The 50 is infrequent, and serves Link connections that are largely meaningless. Yes, from the Junction you could take the 50 and transfer to SoDo to get downtown, but most people would rather just take the far more frequent C. Same with the Delridge and 35th corridor. If you are headed to the airport from West Seattle, then it is the wrong direction, and there are lots better options. No one in West Seattle is going to transfer to that bus, which leaves it only serving folks who live on a fairly low density area (Admiral Way) or those headed to Beacon Hill or Rainer Valley. Furthermore, it is just an average bus — neither in the top 25% or lowest 25% in terms of ridership per hour (despite its low frequency). It is probably its connections to Link that keep it alive.

        In contrast, the 48 will be *the only* bus along a far more densely populated corridor. The connections there actually make sense. South to Rainier Beach and then south to the airport. North to MBS, then over the hill to Beacon Hill, SoDo or the stadiums. North to Judkins Park, then east to Bellevue. In every case it is the logical direction, and doesn’t involve going north to go south, or making a same direction transfer at SoDo, while the more frequent bus is about to get off the freeway downtown. It is only for Judkins Park to downtown that you have competition (from the 7). I have no doubt that some will prefer the same stop surface transfer (new 48 to truncated 7) but others will prefer the express subway train that also continues on to serve several downtown locations. North of there it is the same thing. For everyone on that corridor, it will be the only logical way to get to Bellevue. For many, it would be a fast way to get downtown, even if it means backtracking.

        I think you kind of miss the main point here. The new 48 will have density along the entire corridor and meaningful connections to Link (and lots of buses) and a major destination on one end. It will also be the only bus on the entire corridor.

        Sure, you could run it less often, but why would you? Some of your suggestions would just confuse matters, or leave big holes. Extend the G north? OK, except now the G goes from being BRT to simply being a very frequent bus. The 48 will get better (making it competitive with rounding the horn at Judkins Park much of the time) but it still won’t be as fast or as reliable as Madison BRT. It is likely that they will make improvements close to the Montlake bridge, but there is still the bridge itself. That means you have added a lot of distance, along with a possible big delay in the middle. With six minute headways, that just looks like a prescription for bus bunching. Now you’ve destroyed your main customer base (the folks who just want to hop on the thing downtown and go up the hill without delay).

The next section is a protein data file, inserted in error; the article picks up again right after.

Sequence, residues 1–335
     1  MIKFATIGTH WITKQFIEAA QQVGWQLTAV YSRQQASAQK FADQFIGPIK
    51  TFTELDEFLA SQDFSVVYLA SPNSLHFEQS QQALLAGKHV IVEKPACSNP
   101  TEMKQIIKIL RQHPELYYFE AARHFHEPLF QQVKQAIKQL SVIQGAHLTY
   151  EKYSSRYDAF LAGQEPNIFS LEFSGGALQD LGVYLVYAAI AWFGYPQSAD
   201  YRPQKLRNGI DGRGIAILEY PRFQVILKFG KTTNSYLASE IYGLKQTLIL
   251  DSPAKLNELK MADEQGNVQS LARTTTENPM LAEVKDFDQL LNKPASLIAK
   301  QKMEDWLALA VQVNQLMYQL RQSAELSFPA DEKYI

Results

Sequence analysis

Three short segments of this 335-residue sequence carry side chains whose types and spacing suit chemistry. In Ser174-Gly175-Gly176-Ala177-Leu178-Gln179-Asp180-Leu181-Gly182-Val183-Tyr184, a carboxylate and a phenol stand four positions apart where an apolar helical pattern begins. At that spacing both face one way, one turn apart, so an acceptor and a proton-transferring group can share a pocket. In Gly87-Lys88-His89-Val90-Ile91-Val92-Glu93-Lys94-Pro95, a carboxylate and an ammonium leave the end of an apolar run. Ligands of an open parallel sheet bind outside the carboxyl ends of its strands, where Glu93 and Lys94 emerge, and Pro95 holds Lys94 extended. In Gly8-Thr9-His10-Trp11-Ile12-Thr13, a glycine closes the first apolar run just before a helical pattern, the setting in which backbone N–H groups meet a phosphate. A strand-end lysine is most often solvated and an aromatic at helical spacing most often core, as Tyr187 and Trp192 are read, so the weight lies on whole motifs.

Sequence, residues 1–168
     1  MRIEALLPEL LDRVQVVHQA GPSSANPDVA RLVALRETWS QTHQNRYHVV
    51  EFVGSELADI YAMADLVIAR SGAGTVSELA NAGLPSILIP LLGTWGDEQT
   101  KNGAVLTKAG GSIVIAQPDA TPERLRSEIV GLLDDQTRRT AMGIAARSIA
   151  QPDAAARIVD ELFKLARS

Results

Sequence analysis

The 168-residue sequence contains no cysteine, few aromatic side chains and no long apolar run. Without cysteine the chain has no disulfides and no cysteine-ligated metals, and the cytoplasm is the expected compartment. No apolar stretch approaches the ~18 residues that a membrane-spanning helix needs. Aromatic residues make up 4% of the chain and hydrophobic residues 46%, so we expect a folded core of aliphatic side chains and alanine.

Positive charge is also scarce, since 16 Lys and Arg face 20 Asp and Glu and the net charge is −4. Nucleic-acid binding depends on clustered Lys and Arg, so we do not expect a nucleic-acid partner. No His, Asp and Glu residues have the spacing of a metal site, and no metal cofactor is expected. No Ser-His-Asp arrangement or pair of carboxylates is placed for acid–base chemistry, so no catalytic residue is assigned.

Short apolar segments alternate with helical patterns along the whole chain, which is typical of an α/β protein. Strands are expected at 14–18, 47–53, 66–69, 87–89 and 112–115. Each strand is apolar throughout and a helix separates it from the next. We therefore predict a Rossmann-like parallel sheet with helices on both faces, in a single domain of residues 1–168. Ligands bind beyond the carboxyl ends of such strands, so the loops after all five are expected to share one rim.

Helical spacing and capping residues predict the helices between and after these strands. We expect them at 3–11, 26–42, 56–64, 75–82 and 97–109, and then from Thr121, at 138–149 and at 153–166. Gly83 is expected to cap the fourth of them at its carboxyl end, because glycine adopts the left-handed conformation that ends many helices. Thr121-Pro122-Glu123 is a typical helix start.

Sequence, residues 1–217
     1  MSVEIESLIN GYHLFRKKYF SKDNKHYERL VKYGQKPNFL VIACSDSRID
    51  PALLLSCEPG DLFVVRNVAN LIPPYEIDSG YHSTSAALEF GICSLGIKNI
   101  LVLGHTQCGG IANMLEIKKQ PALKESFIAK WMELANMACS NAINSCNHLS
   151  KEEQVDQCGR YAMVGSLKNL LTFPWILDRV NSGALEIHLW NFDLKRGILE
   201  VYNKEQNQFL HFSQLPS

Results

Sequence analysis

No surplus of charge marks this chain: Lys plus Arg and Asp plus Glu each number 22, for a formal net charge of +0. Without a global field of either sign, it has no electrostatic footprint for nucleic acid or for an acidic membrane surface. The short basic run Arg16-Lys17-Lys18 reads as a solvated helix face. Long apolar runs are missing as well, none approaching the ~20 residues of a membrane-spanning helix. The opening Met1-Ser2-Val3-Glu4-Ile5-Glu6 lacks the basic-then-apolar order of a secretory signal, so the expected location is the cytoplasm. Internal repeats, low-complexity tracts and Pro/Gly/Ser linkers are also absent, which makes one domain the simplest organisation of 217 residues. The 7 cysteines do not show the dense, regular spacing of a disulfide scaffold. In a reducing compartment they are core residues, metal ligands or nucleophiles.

Meanwhile, what have you really gained? Of course it would be nice to connect Madison with the UW, but that is about it. If you are on Link, you just keep riding the train, for most destinations. This is different than the 48. If you are headed from Garfield to Northgate, you will definitely take the 48, then Link. But Northgate to Seattle U, via your proposed new G route? Probably not. I’ll just stay on the bus until CHS, then transfer to a bus or the streetcar. Anything farther west is probably best done by staying on the train further, and taking the bus back up the hill (even if it does require walking a couple blocks for a transfer). If you go much further east, then you are served by the original 48. There is only tiny holes in which that is better, while you have added great uncertainty (and cost) to the only BRT project in Seattle.

        There is a reason why Metro keeps trying to kill the 43. It isn’t a good value. If Montlake was a lot more populated — if it resembled most of Madison — then I would say it makes a lot of sense. But it doesn’t. In fact, it is *less populated* than most of the 48 corridor, let alone Madison.

        Meanwhile, you are sending the 3 out to Judkins Park, thus complicating the 3 and then what? Is it the only bus on 23rd? If so, now you have created a hole in service, and made it really difficult for someone to get south. If you continue to run a 48 you are adding lots of redundant service.

        Where is this money going to come from? Redundant service costs money. Sending buses downtown costs a lot of money. The 48, with all of its flaws, still runs fairly fast, and will run faster. Buses like the 3 are very slow, and thus cost a lot of money. Making turns costs money.

        Trust the grid. Sure, there are times when a grid doesn’t make sense, but it is by far the cheapest way to provide anywhere to anywhere service. That is exactly what is appropriate for this area. What you are outlining would mean going back to 30 minute service somewhere, which basically just kills all but an express to downtown during rush hour. You have basically built something as bad as the crap we live with today. Sure, it works for some trips, but doesn’t work for most, even when you live in a densely populated area.

      2. Three thoughts:

        1. Swedish Cherry Hill would be served by just one major bus: Route 3. The only places that it goes are Madrina and Downtown. That’s it. Then, the Harborview slog isn’t removed either.

        2. I actually think 9X should be the primary bus route for Rainier rather than Route 7. At least Metro should make it frequent all day. Now that Route 106 connects Mt Baker into Downtown, that stretch of Route 7 generally redundant. Keep in mind that Route 106 was configured after Route 9X was axed. It would go a long way to reconnecting Rainier Valley with First Hill and Capitol Hill.